An analysis of the big question: “Is immersion cooling worth it?” with long-term profitability projections for Antminer X19s in immersion with Braiins OS+.
The day is June 18th, 2021. China is extending its provincial cryptocurrency mining ban in Xinjiang and Inner Mongolia to be nationwide, just as the ultra-profitable rainy season in hydropower-dense Sichuan province is getting going. Network hashrate—once practically a sure bet to exceed 200 EH/s by mid-year—now drops back below 100 EH in July. The miners who have hash online in the summer of ‘21 see their revenue temporarily double in bitcoin terms, from under 500 satoshis/TH/day to nearly 1000 sats/TH/day.
Fast forward to late May, 2022. Resilient miners in China have gotten smarter about their network infrastructure and security so that they can continue hashing away, although not nearly at the same scale as before. While some employees of a leading Chinese hardware manufacturer have suggested in friendly conversations that as much as 30-40% of network hashrate remains in China today, this author (with almost no contacts in China) believes it’s more likely below 20%.
Meanwhile, total network hashrate is pushing to new all-time highs. The 30-day moving average for hashrate has been sitting above 200 EH/s for a couple of weeks now, and estimated real-time network hashrate is 208 EH/s at the time of writing. As for where the new hashrate is coming online, there is simply no debate. North America has picked up China’s slack and then some, with Texas becoming the clear global frontrunner in terms of hashrate/m2 (even though Texas is huuuuuge).
With this hashrate migration to North America and Texas in particular, we are in for an interesting summer. West Texas, the home of much intermittent solar and wind energy, is about to get hot. Like, swelteringly hot.
This presents a problem for bitcoin miners. When it’s really hot outside, mining hardware runs less efficiently and with a greater risk of failure. The consequences can cause downtime and loss of revenue due to machines automatically turning off once temperature readings reach dangerous levels. Additionally, it can lead to fried hashboards and other permanent hardware damage if the machines don’t shut down in time. (Braiins OS+ Dynamic Power Scaling feature fixes this.)
To make matters worse, the most popular ASIC hardware family today is the Antminer X19, which is extremely sensitive to heat relative to older miners like the S9 and Whatsminer M20S. As we’ve described in our research summary, the power consumption of Antminer X19 models can increase by 40%+ with higher temperatures even as frequencies are constant, meaning that the J/TH efficiency of the machines suffers significantly.
It’s no surprise then, that public miners such as Riot and Argo are building exclusively immersion cooling infrastructure for their new miners coming online in Texas. Immersion cooling alleviates the majority of the temperature impact on mining operations. Rather than worrying about your mining fleet’s uptime, power consumption, and lifespan, you can respond to temperature rises by increasing pump speeds and running dry coolers / cooling towers harder, keeping your total hashrate and power consumption much stabler and decreasing operational risks. For well-capitalized miners operating in hot climates, it just makes sense.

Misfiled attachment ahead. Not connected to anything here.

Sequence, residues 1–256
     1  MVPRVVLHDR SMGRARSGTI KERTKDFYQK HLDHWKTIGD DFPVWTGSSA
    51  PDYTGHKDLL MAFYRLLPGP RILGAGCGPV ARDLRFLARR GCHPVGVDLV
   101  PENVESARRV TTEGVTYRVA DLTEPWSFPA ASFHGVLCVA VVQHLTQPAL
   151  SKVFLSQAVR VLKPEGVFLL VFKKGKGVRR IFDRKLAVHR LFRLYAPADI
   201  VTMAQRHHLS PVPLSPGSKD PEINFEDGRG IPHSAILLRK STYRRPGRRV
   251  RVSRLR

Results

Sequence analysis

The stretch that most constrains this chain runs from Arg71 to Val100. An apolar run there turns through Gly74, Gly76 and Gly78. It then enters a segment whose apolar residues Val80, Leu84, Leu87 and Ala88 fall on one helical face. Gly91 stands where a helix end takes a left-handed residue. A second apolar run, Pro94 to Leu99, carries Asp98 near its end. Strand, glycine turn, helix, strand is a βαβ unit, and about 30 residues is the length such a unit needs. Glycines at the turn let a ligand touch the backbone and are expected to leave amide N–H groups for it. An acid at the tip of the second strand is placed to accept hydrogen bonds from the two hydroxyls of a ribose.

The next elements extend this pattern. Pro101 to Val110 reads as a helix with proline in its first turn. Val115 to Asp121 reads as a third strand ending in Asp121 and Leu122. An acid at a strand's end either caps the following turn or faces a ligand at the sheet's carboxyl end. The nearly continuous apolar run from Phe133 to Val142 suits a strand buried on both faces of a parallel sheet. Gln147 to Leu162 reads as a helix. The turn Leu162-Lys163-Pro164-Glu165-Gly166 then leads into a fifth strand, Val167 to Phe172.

But what about for the pleb miners with a machine or two or five at home? What about the miners with 1-6 MW operations in Paraguay or Mexico? Hell, what about the miners in Wyoming, Montana, and the Dakotas where it’s very cold for a good portion of the year but those few summer months can see temperatures exceed 100F (38) on rare occasions?
Does it make sense for any of those miners to invest in immersion cooling? Well, let’s find out.
Before getting into the economic analysis, it’s important to understand the advantages of immersion compared to air cooling that help justify its higher up-front cost. To briefly summarize, immersion cooling offers the following benefits:
All of these benefits make immersion cooling superior to air cooling regardless of the climate that the miner is operating in. However, it comes at a much higher up-front cost, so there’s still a question of whether or not immersion cooling is worth it. While that will depend largely on the local climate of the operation, this article will outline the structure for making this determination with all of the not-so-small details to consider with it.
As is the case with all future profitability calculations we do for bitcoin miners, we’re going to have to make a lot of assumptions and generalizations here in order to get anywhere.
Honing in on a narrow price range for building mining infrastructure just isn’t possible. It depends on all sorts of factors that change over time and across different locations, as well as with the size of the operation being built. For example, labor in Paraguay and Mexico is relatively cheap compared to the US and Canada. On the other hand, many of the parts required for infrastructure would need to be shipped internationally, which may also include extra import costs. And modular, mobile infrastructure (i.e. mining containers) will generally cost more per MegaWatt than large static facilities that can host 10+ MW worth of miners.
So, let’s simplify matters and just lay out some assumptions. Building air cooled infrastructure can cost anywhere from $150-400k/MW, depending on everything described above. Some portion of that cost is for cooling, including wet curtains and industrial-sized intake and exhaust fans, as well as insulative material to separate hot and cold aisles. All together, those components will rarely account for more than 10% of total infrastructure CapEx, while the more common case is probably at or below 5%. Meanwhile, the lion’s share of the costs will be from labor, materials, and electrical equipment and wiring.